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Chapter 20

Proactive SAR —
Child & Adult ID Kits

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Quickly reporting a missing person to the authorities — especially a child or young adult — is often critical to the outcome of an investigation.

To expedite this process, consider keeping the child or young adult's personal information on-hand, using one of the forms below, just in case. Update the form and photographs periodically.

In addition, collecting and retaining the following physical exemplars is critical:

  • DNA: Wearing a pair of sterile gloves (unused, and untouched on the outside), swab the inner cheek of the subject's mouth with a sterile, cotton-tipped swab until it is visibly moist; place the swab in a clean coffee cup or glass and allow it to air-dry for at least 24 hours, until it is absolutely dry (if it is not completely dry, it will eventually mold, which is destructive to the DNA); place the dry swab in a sterile, freezer-grade, zip-lock plastic bag; seal the zip-lock closure with very sticky tape, and then secure the taped closure with staples; label the zip-lock with an indelible marker, clearly noting subject's name, date and time of collection, and name of collecting individual; and secure this zip-lock in another zip-lock and then store it in a freezer until needed.

    After the fact, a known DNA profile can be created from relatives of the missing person, and sometimes from:

    • personal effects used or handled exclusively by him or her — that no one else has touched — such as a toothbrush, hairbrush, comb, razor, unwashed clothing, etc.;
    • retained teeth;
    • newborn screening card;
    • and biological specimens preserved after blood work or surgery at a doctor's office, medical clinic or hospital facility.

  • Fingerprints: Print-out one of the forms below and take it, along with the subject, to a law enforcement agency and they should be willing, perhaps for a small charge, to fingerprint the subject. If they have thick, durable fingerprint cards on-hand, use one of those instead of the less durable printer paper.

    Label the fingerprint card with an indelible marker, clearly noting subject's name, date and time of recording, and name of recording individual; and secure the fingerprint card in a manila evelope, labeled as above, and retain it along with the subject's other personal information.

  • Scent: For scent-specific K-9 searches — where a K-9 follows the scent of the missing subject and no one else's — it is essential that the K-9 handler have a sample of the subject's scent, one that is not contaminated with anyone else's scent.

    Wearing a pair of sterile gloves (unused, and untouched on the outside), take a sterile first-aid gauze pad and wipe it repeatedly along the dry skin on the torso, just below the armpit; repeat this process with a second gauze pad on the torso below the other armpit; place both gauze pads in a clean glass jar with a tight-fitting lid (if the gauze is not completely dry, it may eventually mold, which may be destructive to the scent); seal the cap and jar junction with sticky tape; label the jar with an indelible marker, clearly noting subject's name, date and time of collection, and name of collecting individual; and secure this glass jar in a freezer-grade, zip-lock plastic bag and then store it in a freezer until needed.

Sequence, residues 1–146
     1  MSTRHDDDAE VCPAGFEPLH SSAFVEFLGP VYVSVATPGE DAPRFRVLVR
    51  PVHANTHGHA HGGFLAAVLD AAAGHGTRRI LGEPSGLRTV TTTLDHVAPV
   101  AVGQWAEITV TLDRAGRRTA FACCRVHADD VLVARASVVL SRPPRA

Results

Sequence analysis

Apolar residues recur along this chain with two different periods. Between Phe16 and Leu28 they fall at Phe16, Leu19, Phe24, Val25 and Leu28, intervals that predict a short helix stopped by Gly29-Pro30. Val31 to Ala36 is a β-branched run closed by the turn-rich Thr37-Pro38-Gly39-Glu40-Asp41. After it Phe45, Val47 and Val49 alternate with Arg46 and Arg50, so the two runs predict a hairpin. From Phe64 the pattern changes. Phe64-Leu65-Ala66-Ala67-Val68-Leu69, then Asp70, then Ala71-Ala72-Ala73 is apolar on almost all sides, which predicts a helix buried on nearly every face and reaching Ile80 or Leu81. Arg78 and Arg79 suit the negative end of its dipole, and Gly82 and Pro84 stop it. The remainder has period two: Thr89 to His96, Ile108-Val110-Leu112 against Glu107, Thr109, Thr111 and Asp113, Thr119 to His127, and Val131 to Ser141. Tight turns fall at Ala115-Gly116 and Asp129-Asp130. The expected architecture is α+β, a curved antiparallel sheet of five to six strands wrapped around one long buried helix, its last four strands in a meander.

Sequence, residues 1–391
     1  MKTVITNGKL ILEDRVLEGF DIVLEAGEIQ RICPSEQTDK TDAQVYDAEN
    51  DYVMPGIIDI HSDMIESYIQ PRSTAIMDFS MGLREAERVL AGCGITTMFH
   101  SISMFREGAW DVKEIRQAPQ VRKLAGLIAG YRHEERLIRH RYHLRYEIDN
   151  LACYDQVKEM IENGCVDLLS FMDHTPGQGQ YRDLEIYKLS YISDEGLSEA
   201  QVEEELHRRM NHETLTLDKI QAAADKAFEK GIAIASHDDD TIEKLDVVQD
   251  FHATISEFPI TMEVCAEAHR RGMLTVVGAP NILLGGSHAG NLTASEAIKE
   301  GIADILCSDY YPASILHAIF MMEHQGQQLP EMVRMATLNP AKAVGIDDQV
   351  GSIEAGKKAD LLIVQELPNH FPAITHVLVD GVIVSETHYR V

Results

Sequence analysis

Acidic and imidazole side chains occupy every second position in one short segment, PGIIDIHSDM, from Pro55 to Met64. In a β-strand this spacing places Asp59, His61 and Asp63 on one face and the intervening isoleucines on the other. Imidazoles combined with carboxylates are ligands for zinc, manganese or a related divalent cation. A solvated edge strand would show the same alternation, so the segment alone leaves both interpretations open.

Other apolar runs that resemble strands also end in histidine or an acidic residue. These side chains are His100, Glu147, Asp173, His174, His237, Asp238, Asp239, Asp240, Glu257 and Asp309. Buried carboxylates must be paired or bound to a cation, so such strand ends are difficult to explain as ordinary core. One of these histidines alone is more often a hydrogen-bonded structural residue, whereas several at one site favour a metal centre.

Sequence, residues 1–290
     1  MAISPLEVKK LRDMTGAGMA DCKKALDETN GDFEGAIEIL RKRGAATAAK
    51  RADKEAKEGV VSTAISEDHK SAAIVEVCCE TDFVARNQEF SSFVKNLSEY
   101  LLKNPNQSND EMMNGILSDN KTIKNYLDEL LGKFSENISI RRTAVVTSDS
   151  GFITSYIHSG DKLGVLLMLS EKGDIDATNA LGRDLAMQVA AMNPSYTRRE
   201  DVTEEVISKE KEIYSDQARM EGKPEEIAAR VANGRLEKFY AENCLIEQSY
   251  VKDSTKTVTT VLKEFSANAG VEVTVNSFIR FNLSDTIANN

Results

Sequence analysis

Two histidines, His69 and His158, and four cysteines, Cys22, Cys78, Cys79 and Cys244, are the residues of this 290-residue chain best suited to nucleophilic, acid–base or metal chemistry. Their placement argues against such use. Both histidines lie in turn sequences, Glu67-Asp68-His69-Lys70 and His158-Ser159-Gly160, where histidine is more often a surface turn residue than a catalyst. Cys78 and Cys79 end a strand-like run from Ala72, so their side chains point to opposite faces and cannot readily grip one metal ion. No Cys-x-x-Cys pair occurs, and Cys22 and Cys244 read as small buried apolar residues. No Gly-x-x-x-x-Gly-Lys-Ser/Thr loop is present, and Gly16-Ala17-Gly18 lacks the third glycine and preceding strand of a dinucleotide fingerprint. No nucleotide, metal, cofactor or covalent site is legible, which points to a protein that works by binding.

Page contents:

 


 

 
  Child Identification Packet, by the Klass Kids Foundation
   
Child Identification Packet, by the Klass Kids Foundation, 1994, 4 pages.

Contents:

  • Safety tips for kids
  • What to do if your child is missing
  • Safety tips for parents
  • Photo records
  • Identification data
  • Fingerprint record
  • Safety on the information highway
  • Do-it-yourself DNA collection kit


 

 
  All About Me: Child Personal Information and Fingerprint Kit, by the New York State Division of Criminal Justice Services, Missing and Exploited Children Clearinghouse
   
All About Me: Child Personal Information and Fingerprint Kit, by the New York State Division of Criminal Justice Services, Missing and Exploited Children Clearinghouse, 2002, 12 pages.

Contents:

  • Emergency telephone info
  • A message about safety
  • How to use this kit
  • Safety tips for you and your children
  • Information about you, the parent
  • Information about your child
  • Photographic records
  • Fingerprint records


 

 
  Just the Facts, Just in Case, by the New York State Division of Criminal Justice Services, Missing and Exploited Children Clearinghouse
   
Just the Facts, Just in Case, by the New York State Division of Criminal Justice Services, Missing and Exploited Children Clearinghouse, 2004, 6 pages.

Contents:

  • How to use this booklet
  • Facts about subject
  • Photo-graphic records
  • Finger-print records
  • DNA sample
  • Scent article
  • Note to parents of college students
  • Authorization to publicize

 


 

 
  Missing: A Guide for Families and Friends of Individuals with a Mental Illness Who Have Gone Missing, by Christine Lafond, Stephanie Scherbain & Gita Sud, Mental Health Education Resource Centre of Manitoba
Missing: A Guide for Families and Friends of Individuals with a Mental Illness Who Have Gone Missing, by Christine Lafond, Stephanie Scherbain & Gita Sud, Mental Health Education Resource Centre of Manitoba, Canada, 2006, 36 pages.

Read page 32 for more information on actions to take before a loved one goes missing.

 

 


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